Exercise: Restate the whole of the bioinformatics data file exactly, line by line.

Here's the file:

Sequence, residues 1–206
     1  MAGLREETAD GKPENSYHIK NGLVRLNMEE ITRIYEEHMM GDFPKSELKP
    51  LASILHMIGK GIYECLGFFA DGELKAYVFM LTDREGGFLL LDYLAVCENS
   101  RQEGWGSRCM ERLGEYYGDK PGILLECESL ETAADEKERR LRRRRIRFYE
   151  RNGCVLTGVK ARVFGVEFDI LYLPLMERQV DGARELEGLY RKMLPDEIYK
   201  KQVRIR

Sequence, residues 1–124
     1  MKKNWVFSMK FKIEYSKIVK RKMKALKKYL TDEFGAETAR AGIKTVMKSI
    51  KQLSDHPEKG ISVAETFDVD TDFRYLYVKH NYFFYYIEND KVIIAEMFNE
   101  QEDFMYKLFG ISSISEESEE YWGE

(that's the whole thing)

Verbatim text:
Sequence, residues 1–206
     1  MAGLREETAD GKPENSYHIK NGLVRLNMEE ITRIYEEHMM GDFPKSELKP
    51  LASILHMIGK GIYECLGFFA DGELKAYVFM LTDREGGFLL LDYLAVCENS
   101  RQEGWGSRCM ERLGEYYGDK PGILLECESL ETAADEKERR LRRRRIRFYE
   151  RNGCVLTGVK ARVFGVEFDI LYLPLMERQV DGARELEGLY RKMLPDEIYK
   201  KQVRIR

Sequence, residues 1–124
     1  MKKNWVFSMK FKIEYSKIVK RKMKALKKYL TDEFGAETAR AGIKTVMKSI
    51  KQLSDHPEKG ISVAETFDVD TDFRYLYVKH NYFFYYIEND KVIIAEMFNE
   101  QEDFMYKLFG ISSISEESEE YWGE